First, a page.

A few good men (and women)
by Rev. Stanley J. Krempa
Reprinted with permission of "The Arlington Catholic Herald"
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Written to explain that
Christ came to save everyone.
Jesus was praying in a certain place, and when he had finished, one of his disciples said to him, "Lord, teach us to pray just as John taught his disciples." He said to them, "When you pray, say: Father, hallowed be your name, your kingdom come. Give us each day our daily bread and forgive us our sins for we also forgive everyone who is indebted to us. And lead us not into temptation."
And he said to them, "Suppose one of you has a friend to whom he goes at midnight and says, ' Friend, lend me three loves of bread, for a friend of mine has arrived at my house from a journey and I have nothing to offer him,' and he says in reply from within, 'Do not bother me; the door has already been locked and my children and I are already in bed. I cannot get up to give you anything.' I tell you, if he does not get up to give the visitor the loaves because of their friendship, he will get up to give him whatever he needs because of his persistence.
"And I tell you, ask and you will receive, seek and you will find; knock and the door will be opened to you. For everyone who asks, receives; and the one who seeks, finds; and to the one who knocks, the door will be opened. What father among you would hand his son a snake when he asks for a fish? Or hand him a scorpion when he asks for an egg? If you then, who are wicked, know how to give good gifts to your children, how much more will the Father in heaven give the Holy spirit to those who ask him?"
Todayís first reading from the Book of Genesis gives us an account of a biblical ďart of the deal.Ē The scene of Abraham bargaining with God carries echoes from our own life when we have sought to negotiate with God. This account carries some important truths for us.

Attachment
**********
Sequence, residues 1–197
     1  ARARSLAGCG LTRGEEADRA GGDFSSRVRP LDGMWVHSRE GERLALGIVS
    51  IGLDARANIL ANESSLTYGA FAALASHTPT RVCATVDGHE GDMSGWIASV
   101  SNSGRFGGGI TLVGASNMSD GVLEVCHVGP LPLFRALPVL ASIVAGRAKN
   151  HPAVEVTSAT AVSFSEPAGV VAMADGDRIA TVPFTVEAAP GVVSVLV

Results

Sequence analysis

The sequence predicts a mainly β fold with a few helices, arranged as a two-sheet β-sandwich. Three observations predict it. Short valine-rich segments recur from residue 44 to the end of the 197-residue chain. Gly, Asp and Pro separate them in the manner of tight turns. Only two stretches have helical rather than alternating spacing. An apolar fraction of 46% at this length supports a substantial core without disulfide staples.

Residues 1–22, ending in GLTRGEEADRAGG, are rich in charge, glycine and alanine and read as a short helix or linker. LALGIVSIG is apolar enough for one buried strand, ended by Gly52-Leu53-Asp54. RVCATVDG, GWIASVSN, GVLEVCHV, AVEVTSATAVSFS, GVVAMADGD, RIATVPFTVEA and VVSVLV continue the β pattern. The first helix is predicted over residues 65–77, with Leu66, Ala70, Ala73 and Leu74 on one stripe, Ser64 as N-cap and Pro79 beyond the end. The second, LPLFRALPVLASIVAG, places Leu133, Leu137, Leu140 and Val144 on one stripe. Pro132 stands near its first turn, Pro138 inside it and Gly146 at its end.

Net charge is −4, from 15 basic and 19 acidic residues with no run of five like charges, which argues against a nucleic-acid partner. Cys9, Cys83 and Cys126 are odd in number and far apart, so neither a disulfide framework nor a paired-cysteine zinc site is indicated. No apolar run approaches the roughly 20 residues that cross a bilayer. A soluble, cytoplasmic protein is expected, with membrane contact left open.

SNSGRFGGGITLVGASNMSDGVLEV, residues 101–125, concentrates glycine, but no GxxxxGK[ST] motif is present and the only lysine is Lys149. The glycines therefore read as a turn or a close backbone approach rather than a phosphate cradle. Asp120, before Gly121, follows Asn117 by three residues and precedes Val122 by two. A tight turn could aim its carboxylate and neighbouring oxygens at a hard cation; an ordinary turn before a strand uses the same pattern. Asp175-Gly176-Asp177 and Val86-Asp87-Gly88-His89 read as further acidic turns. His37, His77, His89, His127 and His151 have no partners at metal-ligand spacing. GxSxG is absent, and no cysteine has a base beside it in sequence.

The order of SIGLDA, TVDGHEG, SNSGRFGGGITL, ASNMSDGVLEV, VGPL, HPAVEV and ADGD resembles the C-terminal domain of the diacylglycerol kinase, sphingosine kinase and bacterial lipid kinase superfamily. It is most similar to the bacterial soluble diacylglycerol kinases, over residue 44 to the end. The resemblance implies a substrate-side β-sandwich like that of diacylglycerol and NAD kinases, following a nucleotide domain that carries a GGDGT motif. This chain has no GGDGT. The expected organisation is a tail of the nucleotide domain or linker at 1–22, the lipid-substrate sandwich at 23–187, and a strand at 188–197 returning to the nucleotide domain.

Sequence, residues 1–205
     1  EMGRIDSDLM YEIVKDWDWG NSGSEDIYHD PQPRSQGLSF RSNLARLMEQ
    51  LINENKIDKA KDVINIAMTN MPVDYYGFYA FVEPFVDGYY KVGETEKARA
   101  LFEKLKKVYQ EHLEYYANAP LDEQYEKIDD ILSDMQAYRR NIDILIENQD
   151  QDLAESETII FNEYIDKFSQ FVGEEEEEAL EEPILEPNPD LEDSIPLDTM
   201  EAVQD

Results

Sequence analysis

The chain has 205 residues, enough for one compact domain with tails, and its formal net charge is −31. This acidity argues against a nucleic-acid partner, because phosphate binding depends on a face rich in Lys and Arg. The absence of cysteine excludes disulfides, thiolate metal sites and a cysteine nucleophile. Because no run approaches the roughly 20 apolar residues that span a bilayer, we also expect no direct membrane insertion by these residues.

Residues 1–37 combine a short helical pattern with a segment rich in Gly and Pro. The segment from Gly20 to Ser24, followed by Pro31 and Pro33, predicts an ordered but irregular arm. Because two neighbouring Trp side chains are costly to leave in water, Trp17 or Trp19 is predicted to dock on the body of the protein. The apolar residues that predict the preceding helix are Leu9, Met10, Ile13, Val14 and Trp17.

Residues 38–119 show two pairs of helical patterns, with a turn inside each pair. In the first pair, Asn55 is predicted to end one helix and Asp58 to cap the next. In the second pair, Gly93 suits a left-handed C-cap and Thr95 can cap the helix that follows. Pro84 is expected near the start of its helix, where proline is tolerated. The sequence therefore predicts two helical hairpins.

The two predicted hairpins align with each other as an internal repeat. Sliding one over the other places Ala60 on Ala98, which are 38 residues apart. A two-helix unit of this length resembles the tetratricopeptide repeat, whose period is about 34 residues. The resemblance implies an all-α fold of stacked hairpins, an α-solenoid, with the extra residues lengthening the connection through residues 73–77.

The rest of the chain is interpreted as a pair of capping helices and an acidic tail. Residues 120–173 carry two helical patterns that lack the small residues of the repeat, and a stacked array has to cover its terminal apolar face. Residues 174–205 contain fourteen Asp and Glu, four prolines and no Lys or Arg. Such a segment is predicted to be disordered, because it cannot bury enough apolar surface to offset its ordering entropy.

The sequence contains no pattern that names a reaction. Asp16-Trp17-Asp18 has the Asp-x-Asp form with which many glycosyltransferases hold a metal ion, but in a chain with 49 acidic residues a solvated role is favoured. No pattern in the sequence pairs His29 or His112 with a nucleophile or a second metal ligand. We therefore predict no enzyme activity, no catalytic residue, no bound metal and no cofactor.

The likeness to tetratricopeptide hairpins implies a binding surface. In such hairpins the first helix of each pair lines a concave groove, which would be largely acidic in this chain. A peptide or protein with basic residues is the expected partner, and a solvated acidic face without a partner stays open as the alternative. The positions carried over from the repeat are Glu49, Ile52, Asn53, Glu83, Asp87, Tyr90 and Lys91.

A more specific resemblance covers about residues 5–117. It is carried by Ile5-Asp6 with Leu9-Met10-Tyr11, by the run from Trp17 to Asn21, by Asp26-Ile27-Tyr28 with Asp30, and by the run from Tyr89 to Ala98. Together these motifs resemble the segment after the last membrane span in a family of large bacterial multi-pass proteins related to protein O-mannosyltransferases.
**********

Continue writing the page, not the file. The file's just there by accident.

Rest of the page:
Abrahamís bargaining with God was successful. The city would not be destroyed if 10 good men could be found within its walls. The tragedy is that not even 10 good men could be found there. What difference could 10 good people have made? They could have been witnesses to another way. Every society, every community, every organization needs people who are unwilling to succumb to the ďgroup thinkĒ of the prevailing culture. These are the spiritual and moral marines who are on a mission to transform society.
When people say that everyone cuts corners, they say that they donít. When people say that everyone cheats, they say that they donít. When people say that everyone gossips, they say that they donít. When people say that everyone skips church on Sunday, they say that they donít. When people say that everyone lives together before marriage, they say that they donít.
A few good people are like a speed limit sign. We may be hurtling down a highway at 80 miles an hour. We see a sign that says 70 and we are reminded that we are breaking the law and our speed is dangerous. We may or may not follow the speed limit. But at least we know we are doing wrong.
Every great social movement of our time that has changed society began with a few highly dedicated individuals. Conversely, movements that embody social and moral decline also begin with a few dedicated individuals. Revolutions, conversions, transformations and cultural shifts donít just happen. They begin, grow and spread here on earth. What difference could 10 good people have made in the sinful city of Sodom? A lot. And so can we.
Despite the sinfulness of Sodomís inhabitants, which Abraham surely detested, he still intercedes for them. Our reading shows us the potential of the prayer of intercession. We should be intercessors for the people of our time. Abrahamís persistence teaches us to never give up on anyone. However horrible their sin, however wayward their life, whatever their past, there is still that crack in every personís life through which Godís grace can enter. Even a deathbed conversion is still a conversion.
The Catechism of the Catholic Church describes intercession as ďcharacteristic of a heart attuned to Godís mercy Ö The intercession of Christians recognizes no boundaries. It is for all men, for kings, and all who are in high positions, for persecutors and for the salvation of those who reject the GospelĒ (n. 2636).
The prayer of intercession changes our view of others. When we pray for someone who is hostile to us, we start to see him or her less as an enemy and more as a human being in need of grace. We come to see the bully less as someone fearsome but as one of the walking wounded among us in need of healing. St. Paul writes to the Colossians that just as we were raised from the death of sin to new life in Christ, the same can happen to others.
The Lordís call to us to be persistent in prayer keeps us from being changed by society even as our prayer releases invisible streams of grace into our world. Persistence in prayer also entails persistence in the witness of our lives.
Are we willing to be one of the few good men, Christís marines, today?
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